It’s Friday afternoon and your team is looking forward to happy hour.
You’ve been to the same old bar in your office for the past few weeks and you decide it’s time to try something new. How are you? Going outside and walking around until you find a new place? No, you hop on Google and let it do the search for you.
Your ideal after work pub is nearby, open right after work, and has some gluten-free options for your entire team to attend. You paste those criteria into Google and have three viable options at hand – in a convenient map format to boot into.
Break. Have you ever wondered how Google can produce such accurate and concise answers in such a short amount of time and present them in such an easy-to-read manner? What are these restaurants doing to appear so dominant on Google’s search engine results pages (SERPs)?
I would love my business to show up when consumers search for criteria that are relevant to me.
Nobody knows exactly how the Google algorithm works. However, there are a few ways to organize and optimize the content of your website so that Google knows what content on the SERPs to use for the various searches in order to find you.
This is where structured data comes into play. Structured data can make your company more visible to potential customers and increase your click rate by up to 30%.
Not sure what structured data is? That’s okay. By the end of this guide, you will be a structured data wizard – and your website will reap the benefits.
What is structured data?
Structured data is all data that is organized and structured in a certain way on a website. In the case of SEO, structured data is organized and given certain groups of text that help search engines understand the context of this information and can return accurate results to searchers.
We know that what searchers see online is very different from what search engines see.
As seekers see this …
… search engines see this:
View the source code for each website by clicking View> Developer> View Source.
This behind-the-scenes code tells browsers how to organize information on the website (as part of website development) and tells web crawlers what is being displayed on the page.
Structured data also play a role here. Embedded code tags (a.k.a. “markup”) in the entire HTML code of a website tell Google and other search engines what information should be displayed in the SERPs and what this information represents. It also helps social media platforms to aggregate your social media posts into snippets that use the Open Graph protocol (which we will discuss later) to preview the content.
This markup is important. It informs search engines what specific content is on the page. This creates more relevant, informed searches, and makes the website a candidate for improved results such as featured snippets, bulky snippets, image and video carousels, knowledge boxes, and more (which we’ll get into later).
Structured data and SEO
Structured data is important to SEO as it helps search engines find and understand your content and website. It’s also an important way to prepare for the future of search, as Google and other search engines continue to personalize the user experience and answer questions directly on their SERPs.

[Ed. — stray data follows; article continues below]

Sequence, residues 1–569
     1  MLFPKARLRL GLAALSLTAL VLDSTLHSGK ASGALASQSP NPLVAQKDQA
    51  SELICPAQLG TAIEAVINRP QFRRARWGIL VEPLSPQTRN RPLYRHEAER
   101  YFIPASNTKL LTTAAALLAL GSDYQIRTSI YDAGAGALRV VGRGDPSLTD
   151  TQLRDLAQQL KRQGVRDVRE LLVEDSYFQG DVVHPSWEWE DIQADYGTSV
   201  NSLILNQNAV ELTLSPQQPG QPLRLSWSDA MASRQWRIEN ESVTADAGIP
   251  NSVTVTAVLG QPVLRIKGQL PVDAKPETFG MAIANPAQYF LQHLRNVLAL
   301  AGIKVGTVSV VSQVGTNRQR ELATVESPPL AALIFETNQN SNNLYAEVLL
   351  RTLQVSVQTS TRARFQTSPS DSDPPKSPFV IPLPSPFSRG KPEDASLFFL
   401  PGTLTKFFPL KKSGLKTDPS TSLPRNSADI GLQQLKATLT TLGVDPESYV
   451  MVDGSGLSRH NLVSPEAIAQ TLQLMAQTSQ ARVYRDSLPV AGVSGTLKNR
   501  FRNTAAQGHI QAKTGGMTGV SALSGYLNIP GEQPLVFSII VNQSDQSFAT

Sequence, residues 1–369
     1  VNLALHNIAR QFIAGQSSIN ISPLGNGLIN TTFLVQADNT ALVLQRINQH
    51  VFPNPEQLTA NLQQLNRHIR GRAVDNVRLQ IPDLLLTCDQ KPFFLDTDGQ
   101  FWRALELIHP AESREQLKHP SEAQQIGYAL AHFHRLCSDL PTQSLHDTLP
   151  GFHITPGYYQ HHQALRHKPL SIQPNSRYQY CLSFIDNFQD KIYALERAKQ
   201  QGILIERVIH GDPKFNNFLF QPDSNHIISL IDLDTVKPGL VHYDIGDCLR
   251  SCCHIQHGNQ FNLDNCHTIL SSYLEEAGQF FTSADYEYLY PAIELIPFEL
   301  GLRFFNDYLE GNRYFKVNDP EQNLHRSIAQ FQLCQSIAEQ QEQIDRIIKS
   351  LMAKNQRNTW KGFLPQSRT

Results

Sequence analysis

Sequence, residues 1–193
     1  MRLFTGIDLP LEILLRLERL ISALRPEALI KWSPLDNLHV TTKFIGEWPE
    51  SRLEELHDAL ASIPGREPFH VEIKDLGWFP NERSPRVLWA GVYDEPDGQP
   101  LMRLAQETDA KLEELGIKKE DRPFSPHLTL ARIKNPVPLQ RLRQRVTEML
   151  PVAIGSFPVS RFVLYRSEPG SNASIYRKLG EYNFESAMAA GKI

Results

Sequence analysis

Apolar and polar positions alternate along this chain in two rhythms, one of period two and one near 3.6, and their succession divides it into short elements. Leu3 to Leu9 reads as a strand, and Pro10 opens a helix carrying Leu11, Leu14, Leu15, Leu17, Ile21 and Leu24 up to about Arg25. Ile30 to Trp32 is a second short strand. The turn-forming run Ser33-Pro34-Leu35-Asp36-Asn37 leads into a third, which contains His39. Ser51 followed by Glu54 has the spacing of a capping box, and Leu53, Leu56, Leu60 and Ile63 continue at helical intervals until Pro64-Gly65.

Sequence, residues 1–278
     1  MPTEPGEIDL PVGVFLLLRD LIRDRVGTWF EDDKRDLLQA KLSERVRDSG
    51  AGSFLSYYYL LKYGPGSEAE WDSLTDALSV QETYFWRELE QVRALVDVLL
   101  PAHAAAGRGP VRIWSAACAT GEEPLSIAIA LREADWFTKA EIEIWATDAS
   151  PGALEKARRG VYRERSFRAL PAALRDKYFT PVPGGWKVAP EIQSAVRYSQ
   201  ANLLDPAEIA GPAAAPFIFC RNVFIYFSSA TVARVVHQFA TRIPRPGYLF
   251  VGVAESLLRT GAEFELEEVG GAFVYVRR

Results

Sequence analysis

Google’s SERPs have not always been as easy on the eyes as they are today. Do not you remember? Take a look at this Google result for “Billiard Tables” from 2008.
Let’s compare. Here is the same result from today.
Impressive. It’s a world full of differences. Not only are these results easier to read, but the additional features make for a much more informative, intelligent search and shopping experience. Between the sponsored content and the live map (plus the product carousel, snippets of questions, and related searches not shown in the screenshot), Google has pretty much everything I need to know about pool tables.
Sometimes I search for something and find the answer right on the SERP – I don’t even have to click on a result. Does this ever happen to you If so, you can thank structured data.
How does structured data work?
At this point you might ask: How can there be a language (markup) that is recognized by search engines and people alike?
In order for this markup to be understood accurately and generally, standardized formats and vocabularies should be used.
Let’s get back to basics for a minute. When conveying information, whether you are communicating with a human or a computer, you need two important things: vocabulary (a series of words with known meanings) and syntax (a set of rules on how these words are used to convey meaning).
Most structured data markup terms can be broken down into these two concepts – vocabularies and syntaxes – and webmasters can combine the two terms they need to structure their data (with the exception of microformats).
Okay … that’s enough of the fancy developer. What should you use for your structured data?
Schema.org is the accepted universal vocabulary Standard for structured data. It was founded and is currently sponsored by Google, Bing, Yahoo and Yandex. It’s flexible, open source, and it’s constantly being updated and improved.
Note: Schema is known as such because it contains markup for a variety of schemas – or data models – for different types of content.
Here is an example of the schema markup language (which is good for SEO) from my article on branding.
“name”: “The Ultimate Guide to Branding in 2019”
“Name”: “Allie Decker”
Google also recognizes microdata and RDFa. Both syntaxes use HTML to identify properties in structured data. Microdata is usually only used in the side body, while RDFa is usually used in both the side header and side body.